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POLITICO New York Health Care: Pivoting on reproductive health; Clinton calls for repeal of Cadillac Tax

Dear readers: POLITICO New York Pro subscribers receive this email at 5:30 a.m. each weekday. If you'd like to receive it at that time, along with a customized real-time news feed of New York health care policy news throughout the day, please contact us at and we'll set you up for trial access.

written by Dan Goldberg

PIVOTING ON REPRODUCTIVE HEALTH — The city's health department will announce Wednesday that it is changing its reproductive health strategy, becoming the first large health department in the nation to take on the reproductive justice framework. Reproductive justice, a term that grew out of the mid-1990s women's rights agenda, is a philosophy that says a woman's right and ability to control her body is impacted by social inequities, including racism.

It argues that government has a responsibility not only to ensure women can decide what to do with their bodies, but also that the conditions are suitable for implementing those decisions.

Health department officials, viewing their goals through that lens, want to broaden the definition of reproductive health, expanding what it talks about and who it talks to. The change in emphasis is part of a broader trend that has seen Mayor Bill de Blasio's health department look at health disparities as part of a racial construct and not just an economic one. Read my full story here:

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LEGIONNAIRES’ UPDATE — Ten people have now contracted Legionnaires’ disease in the east Bronx, and seven cooling towers have tested positive, according to the city’s health department. The news comes even as city officials say all cooling towers were recently cleaned because of the health commissioner’s order following an outbreak in the south Bronx that killed 12 during the summer.

CLINTON’S CADILLAC CONCESSION — Democratic presidential candidate Hillary Clinton on Tuesday called for a repeal of the 40-percent excise tax on high-cost health insurance plans. The move, sure to win favor with labor groups, is Clinton's first major disagreement with President Barack Obama's signature domestic achievement. The tax is supported by health economists who believe generous benefit plans encourage people to use the health care system more than they otherwise would, and that drives up the cost for everyone. The tax, they say, is key to slowing the growth of health costs. But the tax is strongly opposed by labor unions, a key Democrat constituent. Vermont Senator Bernie Sanders, who is challenging Clinton for the nomination, has proposed repealing the tax as has Senator Chuck Schumer.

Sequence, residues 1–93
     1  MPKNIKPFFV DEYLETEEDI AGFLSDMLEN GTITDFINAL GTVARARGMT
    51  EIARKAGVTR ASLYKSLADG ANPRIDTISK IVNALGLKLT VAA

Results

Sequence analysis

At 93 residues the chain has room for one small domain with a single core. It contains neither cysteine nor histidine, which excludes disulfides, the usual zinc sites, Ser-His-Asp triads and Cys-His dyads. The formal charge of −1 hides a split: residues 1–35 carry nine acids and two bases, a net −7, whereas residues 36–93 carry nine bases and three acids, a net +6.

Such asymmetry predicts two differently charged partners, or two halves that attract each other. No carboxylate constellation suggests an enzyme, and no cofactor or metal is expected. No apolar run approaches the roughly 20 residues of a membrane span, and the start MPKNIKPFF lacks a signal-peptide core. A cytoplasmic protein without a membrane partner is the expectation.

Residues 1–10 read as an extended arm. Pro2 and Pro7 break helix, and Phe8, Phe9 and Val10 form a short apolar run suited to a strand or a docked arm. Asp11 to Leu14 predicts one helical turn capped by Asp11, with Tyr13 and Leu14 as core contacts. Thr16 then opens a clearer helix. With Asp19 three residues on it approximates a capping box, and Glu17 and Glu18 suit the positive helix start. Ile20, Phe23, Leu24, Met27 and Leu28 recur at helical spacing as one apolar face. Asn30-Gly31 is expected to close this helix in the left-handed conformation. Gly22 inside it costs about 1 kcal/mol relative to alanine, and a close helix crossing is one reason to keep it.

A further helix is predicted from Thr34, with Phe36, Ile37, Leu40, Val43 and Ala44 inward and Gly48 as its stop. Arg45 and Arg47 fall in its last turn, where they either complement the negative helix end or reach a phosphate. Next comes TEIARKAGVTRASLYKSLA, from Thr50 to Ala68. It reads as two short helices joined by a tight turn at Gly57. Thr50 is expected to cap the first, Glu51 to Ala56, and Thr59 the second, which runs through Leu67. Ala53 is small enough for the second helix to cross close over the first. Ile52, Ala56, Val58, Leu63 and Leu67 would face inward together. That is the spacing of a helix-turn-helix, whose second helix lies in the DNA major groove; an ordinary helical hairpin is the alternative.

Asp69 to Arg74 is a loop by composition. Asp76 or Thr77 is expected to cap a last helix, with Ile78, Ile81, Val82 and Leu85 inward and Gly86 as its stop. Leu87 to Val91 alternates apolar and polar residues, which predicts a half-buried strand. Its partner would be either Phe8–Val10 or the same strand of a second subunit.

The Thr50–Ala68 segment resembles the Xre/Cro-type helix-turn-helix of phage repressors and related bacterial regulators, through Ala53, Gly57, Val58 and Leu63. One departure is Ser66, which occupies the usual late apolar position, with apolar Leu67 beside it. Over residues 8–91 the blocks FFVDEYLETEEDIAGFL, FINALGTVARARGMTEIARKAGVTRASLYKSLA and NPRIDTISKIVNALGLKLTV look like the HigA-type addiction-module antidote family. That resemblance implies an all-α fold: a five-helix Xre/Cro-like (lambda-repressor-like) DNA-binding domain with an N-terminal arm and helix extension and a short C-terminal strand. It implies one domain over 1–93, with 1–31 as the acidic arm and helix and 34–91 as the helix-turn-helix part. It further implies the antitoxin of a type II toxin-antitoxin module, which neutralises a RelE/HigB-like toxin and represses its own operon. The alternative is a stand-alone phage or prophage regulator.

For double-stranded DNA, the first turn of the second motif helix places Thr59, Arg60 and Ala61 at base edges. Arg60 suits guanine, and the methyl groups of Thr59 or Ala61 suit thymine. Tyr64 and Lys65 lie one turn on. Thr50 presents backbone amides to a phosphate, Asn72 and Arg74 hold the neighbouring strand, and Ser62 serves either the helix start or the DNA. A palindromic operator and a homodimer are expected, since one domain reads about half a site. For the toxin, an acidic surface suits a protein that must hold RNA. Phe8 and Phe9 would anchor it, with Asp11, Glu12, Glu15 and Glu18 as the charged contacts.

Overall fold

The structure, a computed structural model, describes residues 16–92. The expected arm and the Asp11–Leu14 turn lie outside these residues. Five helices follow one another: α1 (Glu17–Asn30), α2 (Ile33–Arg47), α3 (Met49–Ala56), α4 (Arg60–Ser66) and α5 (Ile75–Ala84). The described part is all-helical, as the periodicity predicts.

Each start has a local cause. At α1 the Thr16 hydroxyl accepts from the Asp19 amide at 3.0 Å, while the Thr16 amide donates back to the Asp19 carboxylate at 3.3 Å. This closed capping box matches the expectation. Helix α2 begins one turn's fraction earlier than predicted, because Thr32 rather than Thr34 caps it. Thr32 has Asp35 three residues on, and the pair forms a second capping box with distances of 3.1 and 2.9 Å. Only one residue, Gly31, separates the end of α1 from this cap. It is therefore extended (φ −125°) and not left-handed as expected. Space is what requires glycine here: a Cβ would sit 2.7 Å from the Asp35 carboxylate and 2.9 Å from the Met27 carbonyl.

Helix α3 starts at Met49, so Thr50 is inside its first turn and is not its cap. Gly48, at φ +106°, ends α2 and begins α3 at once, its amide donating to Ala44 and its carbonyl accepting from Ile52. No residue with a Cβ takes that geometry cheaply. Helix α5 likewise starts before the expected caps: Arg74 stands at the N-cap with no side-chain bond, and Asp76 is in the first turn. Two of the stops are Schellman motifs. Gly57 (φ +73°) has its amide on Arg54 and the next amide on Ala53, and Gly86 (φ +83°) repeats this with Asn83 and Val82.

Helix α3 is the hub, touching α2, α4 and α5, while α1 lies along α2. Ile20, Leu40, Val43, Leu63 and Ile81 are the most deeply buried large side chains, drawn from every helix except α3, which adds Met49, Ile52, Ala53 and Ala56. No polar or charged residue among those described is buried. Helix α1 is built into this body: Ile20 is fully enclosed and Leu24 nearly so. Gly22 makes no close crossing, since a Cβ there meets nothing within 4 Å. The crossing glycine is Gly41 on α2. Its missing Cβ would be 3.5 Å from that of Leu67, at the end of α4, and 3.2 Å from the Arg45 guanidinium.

TWEET OF THE DAY — “Leadership means taking an unpopular stand when it's the right thing to do. #CadillacTax” - Martin Gaynor, research associate of the National Bureau of Economic Research, and a former director of the Bureau of Economics at the Federal Trade Commission.

NOW WE KNOW — An article in the Journal of Sex Research says “gaydar” is not a real thing, just harmful stereotyping. "Most people think of stereotyping as inappropriate," William Cox, an assistant scientist in the Department of Psychology at the University of Wisconsin-Madison and lead author, said in a press release accompanying the article. "But if you're not calling it 'stereotyping,' if you're giving it this other label and camouflaging it as 'gaydar,' it appears to be more socially and personally acceptable." Cox has proof that stereotyping is wrong and leads to bad conclusions. He says only 5 percent of men are gay so, "imagine that 100 percent of gay men wear pink shirts all the time, and 10 percent of straight men wear pink shirts all the time. Even though all gay men wear pink shirts, there would still be twice as many straight men wearing pink shirts.”

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K2 VIDEO — Take six minutes and watch this Daily News video about what K2 is doing in East Harlem. Riveting and sad.

CUOMO SIGNS OPIOID LAW — Governor Andrew Cuomo on Tuesday signed a bill that allows addicts to enter judicial diversion programs while still using medication-assisted treatment, like methadone or Suboxone. POLITICO New York’s Josefa Velasquez has more: [PRO]